In an effort to shame people into paying their taxA tax is a mandatory payment or charge collected by local, state, and national governments from individuals or businesses to cover the costs of general government services, goods, and activities. es, Rhode Island has posted the state’s top 100 tax delinquents, who owe the state a combined $16 million. The list is here. Rhode Island, with a $219 million deficit, is in need of the money.
But just as many state’s coffers are in the red, taxpayers are hurting financially too. And some states are not paying taxpayers their much needed tax refundA tax refund is a reimbursement to taxpayers who have overpaid their taxes, often due to having employers withhold too much from paychecks. The U.S. Treasury estimates that nearly three-fourths of taxpayers are over-withheld, resulting in a tax refund for millions. Overpaying taxes can be viewed as an interest-free loan to the government. On the other hand, approximately one-fifth of taxpayers underwithhold; this can occur if a person works multiple jobs and does not appropriately adjust their W-4 to account for additional income, or if spousal income is not appropriately accounted for on W-4s. s on time. Not paying your taxes to the state on time is a big deal, resulting in a fine usually. And if the reason you are not paying taxes is that you do not have much money, a fine will hurt.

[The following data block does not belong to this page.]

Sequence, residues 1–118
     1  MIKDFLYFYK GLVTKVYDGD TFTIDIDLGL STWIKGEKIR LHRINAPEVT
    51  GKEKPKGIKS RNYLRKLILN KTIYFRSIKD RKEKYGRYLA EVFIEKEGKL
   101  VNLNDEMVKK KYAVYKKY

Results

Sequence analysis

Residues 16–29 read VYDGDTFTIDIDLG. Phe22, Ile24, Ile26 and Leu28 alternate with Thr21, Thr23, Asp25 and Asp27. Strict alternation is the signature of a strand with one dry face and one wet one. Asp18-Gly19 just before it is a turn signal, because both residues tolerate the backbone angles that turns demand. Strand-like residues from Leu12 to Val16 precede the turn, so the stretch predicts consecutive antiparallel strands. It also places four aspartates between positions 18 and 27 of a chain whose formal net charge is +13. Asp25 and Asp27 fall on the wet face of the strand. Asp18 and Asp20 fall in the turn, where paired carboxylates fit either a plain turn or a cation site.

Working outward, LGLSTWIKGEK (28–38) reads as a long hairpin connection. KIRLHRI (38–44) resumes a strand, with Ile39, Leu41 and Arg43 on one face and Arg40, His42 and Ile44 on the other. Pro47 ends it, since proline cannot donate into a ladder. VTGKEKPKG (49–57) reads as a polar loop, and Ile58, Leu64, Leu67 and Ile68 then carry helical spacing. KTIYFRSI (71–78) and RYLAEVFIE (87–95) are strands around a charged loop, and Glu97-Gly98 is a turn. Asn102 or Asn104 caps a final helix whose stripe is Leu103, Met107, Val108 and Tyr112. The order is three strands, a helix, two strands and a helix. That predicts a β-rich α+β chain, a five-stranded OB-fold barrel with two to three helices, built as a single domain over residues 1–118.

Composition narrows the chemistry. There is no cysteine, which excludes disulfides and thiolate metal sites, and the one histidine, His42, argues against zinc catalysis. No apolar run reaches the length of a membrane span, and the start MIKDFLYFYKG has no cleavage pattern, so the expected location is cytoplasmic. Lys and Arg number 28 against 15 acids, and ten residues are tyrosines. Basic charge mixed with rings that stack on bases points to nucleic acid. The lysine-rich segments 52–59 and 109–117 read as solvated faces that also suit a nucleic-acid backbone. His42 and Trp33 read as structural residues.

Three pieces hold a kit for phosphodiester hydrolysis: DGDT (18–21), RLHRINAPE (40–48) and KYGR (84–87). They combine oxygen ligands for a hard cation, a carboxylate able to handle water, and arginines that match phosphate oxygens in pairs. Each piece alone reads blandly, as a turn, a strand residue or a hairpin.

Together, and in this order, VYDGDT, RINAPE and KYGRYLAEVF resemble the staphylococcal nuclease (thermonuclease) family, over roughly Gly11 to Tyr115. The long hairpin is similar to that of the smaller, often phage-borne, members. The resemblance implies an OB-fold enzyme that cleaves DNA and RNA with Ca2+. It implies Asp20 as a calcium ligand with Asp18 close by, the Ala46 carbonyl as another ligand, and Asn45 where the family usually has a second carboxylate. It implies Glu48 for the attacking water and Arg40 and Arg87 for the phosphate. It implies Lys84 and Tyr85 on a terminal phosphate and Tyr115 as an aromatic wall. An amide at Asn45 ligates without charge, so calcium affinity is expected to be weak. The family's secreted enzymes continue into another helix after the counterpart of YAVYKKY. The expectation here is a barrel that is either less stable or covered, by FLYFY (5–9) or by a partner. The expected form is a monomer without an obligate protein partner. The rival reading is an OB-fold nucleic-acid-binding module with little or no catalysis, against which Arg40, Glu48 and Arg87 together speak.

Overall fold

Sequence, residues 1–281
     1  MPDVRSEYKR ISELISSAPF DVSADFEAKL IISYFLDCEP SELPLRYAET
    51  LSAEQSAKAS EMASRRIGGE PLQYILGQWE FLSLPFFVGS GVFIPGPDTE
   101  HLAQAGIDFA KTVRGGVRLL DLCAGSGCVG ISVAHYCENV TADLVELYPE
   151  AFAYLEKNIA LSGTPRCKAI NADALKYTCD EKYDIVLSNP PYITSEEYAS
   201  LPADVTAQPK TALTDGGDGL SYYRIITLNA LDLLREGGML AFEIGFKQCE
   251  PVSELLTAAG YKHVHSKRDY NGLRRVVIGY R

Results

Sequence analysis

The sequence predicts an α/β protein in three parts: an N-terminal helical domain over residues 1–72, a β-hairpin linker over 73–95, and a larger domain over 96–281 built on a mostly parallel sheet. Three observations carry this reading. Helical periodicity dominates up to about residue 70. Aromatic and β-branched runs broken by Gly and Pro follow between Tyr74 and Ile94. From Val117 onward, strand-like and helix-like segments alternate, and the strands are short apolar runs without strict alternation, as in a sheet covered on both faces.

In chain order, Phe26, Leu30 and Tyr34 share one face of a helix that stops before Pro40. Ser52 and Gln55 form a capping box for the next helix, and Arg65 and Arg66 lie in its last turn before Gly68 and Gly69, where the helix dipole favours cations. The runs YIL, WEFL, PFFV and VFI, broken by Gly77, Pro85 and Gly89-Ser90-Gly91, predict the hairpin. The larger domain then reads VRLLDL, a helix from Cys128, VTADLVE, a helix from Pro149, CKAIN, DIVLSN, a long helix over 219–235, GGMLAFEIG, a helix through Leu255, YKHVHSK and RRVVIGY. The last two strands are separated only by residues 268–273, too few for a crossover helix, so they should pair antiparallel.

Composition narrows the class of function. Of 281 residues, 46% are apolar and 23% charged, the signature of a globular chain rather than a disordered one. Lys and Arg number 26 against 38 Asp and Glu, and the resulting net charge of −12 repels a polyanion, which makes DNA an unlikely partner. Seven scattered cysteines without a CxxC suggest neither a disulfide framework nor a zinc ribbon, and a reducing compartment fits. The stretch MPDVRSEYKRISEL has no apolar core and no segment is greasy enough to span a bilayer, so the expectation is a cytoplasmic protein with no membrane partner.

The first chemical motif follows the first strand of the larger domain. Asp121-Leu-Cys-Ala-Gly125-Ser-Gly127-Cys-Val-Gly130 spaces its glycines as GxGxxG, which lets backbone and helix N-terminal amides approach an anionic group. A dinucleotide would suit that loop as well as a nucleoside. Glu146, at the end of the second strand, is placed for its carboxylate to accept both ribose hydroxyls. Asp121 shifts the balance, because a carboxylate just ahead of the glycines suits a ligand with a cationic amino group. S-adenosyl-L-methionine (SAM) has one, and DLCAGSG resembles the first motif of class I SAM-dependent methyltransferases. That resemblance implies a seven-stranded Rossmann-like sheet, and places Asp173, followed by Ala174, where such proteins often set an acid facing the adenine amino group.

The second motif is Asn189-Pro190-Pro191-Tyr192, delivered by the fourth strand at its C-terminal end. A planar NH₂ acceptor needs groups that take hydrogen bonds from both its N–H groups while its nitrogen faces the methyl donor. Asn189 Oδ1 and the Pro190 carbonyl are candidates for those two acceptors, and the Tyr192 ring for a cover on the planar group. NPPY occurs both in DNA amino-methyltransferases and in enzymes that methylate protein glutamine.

States should not be granting amnesties every two years, but they ought to follow the same rule of law (or explicit expectations) they demand of citizens. Well those delinquent states at least need their own shame list:
- Hawaii: Individual and corporate tax refunds to Hawaii residents will be delayed until July 1st.
- North Carolina: To make sure the state has enough money to pay its bills North Carolina will basically send out refund checks when they feel like it.
- New York: Paterson wants to withhold state income tax refunds from New Yorkers who filed in March for a few weeks.
In a sort of similar situation, Illinois is not paying its debts:
“In Illinois, legislators decided that the only way to balance the state’s 2009 budget was by not paying some $3.8 billion worth of bills until the next fiscal year. Not only does this mean quite a strain on vendors, it can cost the state more money in the future. When entities pay their bills late, vendors often add a premium-as much as 5 percent-to compensate for not getting paid promptly.
And not paying one’s bills is not the same as cutting spending.
Delaying tax refunds and the like is an accounting gimmick. It does not provide the state with any more money, but rather shifts the order of its bill payments. It helps balance the budget in a “fiscal year” way, not a “real world” way.Share